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Resolved StickDeadzone going below min & above max

Discussion in 'Input System' started by CaseyHofland, Feb 8, 2023.

  1. CaseyHofland


    Mar 18, 2016
    How else to put it: processor is not working.


    Here I print out the magnitude of the Left Stick on a Gamepad with a deadzone, and lo and behold it goes below 0.125, and it goes between 0.925 and 1 too.

    There are no other processors or interactions on this input action.

    Here is the code:
    Code (CSharp):
    1.     private void OnMove(InputAction.CallbackContext context)
    2.     {
    3.         Debug.Log(context.ReadValue<Vector2>().magnitude.ToString("0.###"));
    4.     }
    Called by
    move.action.performed += OnMove

    I have so many issues with the Input System but now it's literally not doing what it was designed to do. I don't even know how to ask for support on this, I know your codebase is a mess and frankly I'm keeping myself from using words I can't take back. It's like every time with this system.

    I would advise you to decouple your low level layer and rework your high level layer, this time with a clear focus instead of 15 different ways of implementation, none of which seem to work with processors apparently.
  2. rdjadu


    May 9, 2022
    That's not how the deadzone processor works. It *renormalizes* in the range you give. So of course it drops below 0.125 and above 0.925.

    ////EDIT: Put another way, what you're setup is saying is "treat 0.125 as my ZERO and 0.925 as my ONE". So if the stick axis is below abs(val)==0.125, you get zero. If it's above abs(val)==0.925 you get +/-1. And in-between you get the full [0..1] range. TBH I don't get what usefulness the setup you're describing would have.
    Last edited: Feb 9, 2023
    DevDunk likes this.
  3. CaseyHofland


    Mar 18, 2016
    But that's my point, the console log still prints things like 0.05.

    The setup above doesn't accomplish anything but log in the inspector to show that it's not treating 0.05 as 0 and it's not treating 0.95 as 1.

    Ergo, the stick deadzone doesn't work. And I'm not even doing anything weird with it, literally just using it as advertised.
  4. CaseyHofland


    Mar 18, 2016
    @rdjadu I didn't really understand what you meant until I saw the code for it. I'll leave my own explanation here as well.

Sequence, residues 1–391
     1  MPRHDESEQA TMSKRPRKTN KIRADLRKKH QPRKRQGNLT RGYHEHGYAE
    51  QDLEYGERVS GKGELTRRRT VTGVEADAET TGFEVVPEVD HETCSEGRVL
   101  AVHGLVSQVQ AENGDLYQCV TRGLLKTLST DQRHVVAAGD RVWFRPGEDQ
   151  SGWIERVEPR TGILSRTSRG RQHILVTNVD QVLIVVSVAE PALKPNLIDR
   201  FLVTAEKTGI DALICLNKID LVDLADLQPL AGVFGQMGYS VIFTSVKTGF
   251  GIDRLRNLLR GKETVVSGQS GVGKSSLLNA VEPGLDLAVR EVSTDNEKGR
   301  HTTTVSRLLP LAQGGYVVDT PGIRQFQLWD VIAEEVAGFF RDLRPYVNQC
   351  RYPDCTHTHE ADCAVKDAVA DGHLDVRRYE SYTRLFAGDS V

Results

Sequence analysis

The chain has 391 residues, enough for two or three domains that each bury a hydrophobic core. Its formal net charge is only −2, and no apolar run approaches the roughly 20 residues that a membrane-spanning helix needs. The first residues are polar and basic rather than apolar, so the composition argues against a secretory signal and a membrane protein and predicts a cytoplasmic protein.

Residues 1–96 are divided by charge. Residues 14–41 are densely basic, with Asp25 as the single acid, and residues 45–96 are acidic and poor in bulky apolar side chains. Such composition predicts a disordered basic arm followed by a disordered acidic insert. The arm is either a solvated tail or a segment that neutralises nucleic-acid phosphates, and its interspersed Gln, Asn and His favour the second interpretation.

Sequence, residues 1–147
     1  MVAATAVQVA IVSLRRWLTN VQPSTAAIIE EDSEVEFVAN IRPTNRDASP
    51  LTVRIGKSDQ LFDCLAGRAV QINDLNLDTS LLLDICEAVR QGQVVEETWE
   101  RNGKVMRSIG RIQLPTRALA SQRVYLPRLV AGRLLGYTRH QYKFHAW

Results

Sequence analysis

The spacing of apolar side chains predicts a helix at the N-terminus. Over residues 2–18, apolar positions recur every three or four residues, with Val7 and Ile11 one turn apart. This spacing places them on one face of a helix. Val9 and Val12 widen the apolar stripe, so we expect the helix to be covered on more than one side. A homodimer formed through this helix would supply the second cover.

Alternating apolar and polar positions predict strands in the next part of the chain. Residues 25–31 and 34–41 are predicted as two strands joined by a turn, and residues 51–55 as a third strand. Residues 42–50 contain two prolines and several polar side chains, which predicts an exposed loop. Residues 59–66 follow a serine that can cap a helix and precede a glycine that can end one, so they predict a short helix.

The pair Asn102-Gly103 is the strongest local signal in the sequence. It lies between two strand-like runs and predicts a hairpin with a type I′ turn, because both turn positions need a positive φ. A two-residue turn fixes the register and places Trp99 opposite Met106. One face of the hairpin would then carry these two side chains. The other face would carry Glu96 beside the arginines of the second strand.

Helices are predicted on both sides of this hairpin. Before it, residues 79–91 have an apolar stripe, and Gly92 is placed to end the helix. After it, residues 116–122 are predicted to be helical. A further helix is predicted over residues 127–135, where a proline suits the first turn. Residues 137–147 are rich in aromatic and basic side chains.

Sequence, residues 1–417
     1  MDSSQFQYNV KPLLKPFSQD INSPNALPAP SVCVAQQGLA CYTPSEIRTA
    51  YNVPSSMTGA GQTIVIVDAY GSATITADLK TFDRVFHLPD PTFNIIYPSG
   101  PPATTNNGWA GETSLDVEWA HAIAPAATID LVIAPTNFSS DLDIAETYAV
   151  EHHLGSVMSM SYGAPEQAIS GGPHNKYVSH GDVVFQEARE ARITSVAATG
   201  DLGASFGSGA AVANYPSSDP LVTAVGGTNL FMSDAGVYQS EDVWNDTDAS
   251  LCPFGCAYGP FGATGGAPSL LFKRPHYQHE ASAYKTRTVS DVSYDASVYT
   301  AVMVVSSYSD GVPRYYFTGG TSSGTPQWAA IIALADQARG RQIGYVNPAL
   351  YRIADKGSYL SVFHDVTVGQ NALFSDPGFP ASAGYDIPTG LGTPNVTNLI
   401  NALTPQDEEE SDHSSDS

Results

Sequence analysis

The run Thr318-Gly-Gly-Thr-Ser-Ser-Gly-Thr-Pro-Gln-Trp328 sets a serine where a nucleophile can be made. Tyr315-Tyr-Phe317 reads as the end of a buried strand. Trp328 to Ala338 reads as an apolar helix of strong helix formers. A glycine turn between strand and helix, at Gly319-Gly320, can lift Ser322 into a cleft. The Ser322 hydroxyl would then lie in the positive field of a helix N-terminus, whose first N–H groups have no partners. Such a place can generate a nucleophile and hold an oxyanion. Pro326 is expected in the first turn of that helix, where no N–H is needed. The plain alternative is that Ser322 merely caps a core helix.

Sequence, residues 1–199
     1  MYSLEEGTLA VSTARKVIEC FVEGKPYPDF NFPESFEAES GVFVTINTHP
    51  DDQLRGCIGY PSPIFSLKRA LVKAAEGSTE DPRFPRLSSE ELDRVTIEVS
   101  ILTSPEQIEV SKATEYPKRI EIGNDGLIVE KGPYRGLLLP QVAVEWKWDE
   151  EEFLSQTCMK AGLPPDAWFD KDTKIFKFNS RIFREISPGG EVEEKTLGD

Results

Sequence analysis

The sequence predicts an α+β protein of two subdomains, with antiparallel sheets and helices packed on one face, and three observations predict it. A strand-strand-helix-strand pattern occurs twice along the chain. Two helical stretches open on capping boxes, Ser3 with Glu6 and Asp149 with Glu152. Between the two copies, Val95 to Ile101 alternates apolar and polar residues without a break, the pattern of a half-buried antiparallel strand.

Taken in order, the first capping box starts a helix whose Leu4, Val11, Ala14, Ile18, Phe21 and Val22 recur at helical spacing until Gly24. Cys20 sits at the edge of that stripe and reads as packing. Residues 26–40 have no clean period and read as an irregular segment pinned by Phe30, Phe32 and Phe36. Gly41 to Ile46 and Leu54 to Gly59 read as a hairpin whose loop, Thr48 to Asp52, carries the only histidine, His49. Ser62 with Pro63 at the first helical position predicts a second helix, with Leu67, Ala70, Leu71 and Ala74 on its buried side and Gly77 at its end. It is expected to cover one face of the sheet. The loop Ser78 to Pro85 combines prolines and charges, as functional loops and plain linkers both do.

So if your stick deadzone min is 0.125, and your stick magnitude is 0.1, it will clamp to 0: great. What the documentation DOESN'T tell you is that any magnitude between your min and max is renormalized. This is the Stick Deadzone's equation:

    Code (CSharp):
    1. Mathf.Sign(value) * ((absValue - min) / (max - min));
    3. // e.g.
    4. Mathf.Sign(0.2) * ((0.2 - 0.125) / (0.925 - 0.125)) =
    5. 1 * (0.075 / 0.8) =
    6. 1 * 0.09375 =
    7. 0.09375 // new magnitude
    Nowhere in the documentation does it say this.

    Phasing out these values might be useful in cases where you want to drive animation that switches between full sprint on full stickpress and walking on anything below your max, where these values can be used as precise marker values.

    So this one was on me, but I remain adamant that your codebase is a mess.
    is a 4500+ line script that, in an object oriented world, apparently needs to hold every class's hand. Sorry to work this in here but I'm at the end of my wits with the code for this thing and I'm gonna keep making a fuss about it until in 10 years the backend for this will be replaced with something less hernia-inducing.
    Last edited: Feb 20, 2023
  5. SF_FrankvHoof


    Apr 1, 2022
    A 'deadzone' is any zone that is ignored, mainly to prevent errors due to hardware-inconsistencies.
    However, as a developer, you want to be able to simply use axes as a 0-1-value. So anything within the 'livingzone' for your controller is normalized to that range.
    deadzone is thus used to translate your Controller-Input to the Input-Axis for the engine. Once you're inside your game, you should always be treating your Input-Axis as a 0-1 value. The DeadZone is more low-level than you should (normally) be looking at while in-game.